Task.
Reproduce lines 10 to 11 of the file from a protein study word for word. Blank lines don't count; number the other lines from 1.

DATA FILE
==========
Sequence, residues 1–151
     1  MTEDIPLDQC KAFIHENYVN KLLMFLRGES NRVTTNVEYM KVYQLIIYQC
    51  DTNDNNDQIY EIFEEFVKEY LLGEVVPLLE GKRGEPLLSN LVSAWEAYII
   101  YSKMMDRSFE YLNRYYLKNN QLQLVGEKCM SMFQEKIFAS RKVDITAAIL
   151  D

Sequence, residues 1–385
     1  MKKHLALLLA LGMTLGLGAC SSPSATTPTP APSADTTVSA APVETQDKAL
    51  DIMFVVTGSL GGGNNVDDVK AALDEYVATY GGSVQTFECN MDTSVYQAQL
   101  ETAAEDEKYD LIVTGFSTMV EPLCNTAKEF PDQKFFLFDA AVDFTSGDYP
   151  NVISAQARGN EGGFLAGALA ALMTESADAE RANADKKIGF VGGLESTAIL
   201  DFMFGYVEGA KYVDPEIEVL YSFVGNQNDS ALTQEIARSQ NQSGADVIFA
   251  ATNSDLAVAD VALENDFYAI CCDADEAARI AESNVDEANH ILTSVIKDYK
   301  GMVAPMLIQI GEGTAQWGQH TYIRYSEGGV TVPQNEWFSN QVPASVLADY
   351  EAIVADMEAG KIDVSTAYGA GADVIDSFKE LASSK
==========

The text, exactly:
   151  NVISAQARGN EGGFLAGALA ALMTESADAE RANADKKIGF VGGLESTAIL
   201  DFMFGYVEGA KYVDPEIEVL YSFVGNQNDS ALTQEIARSQ NQSGADVIFA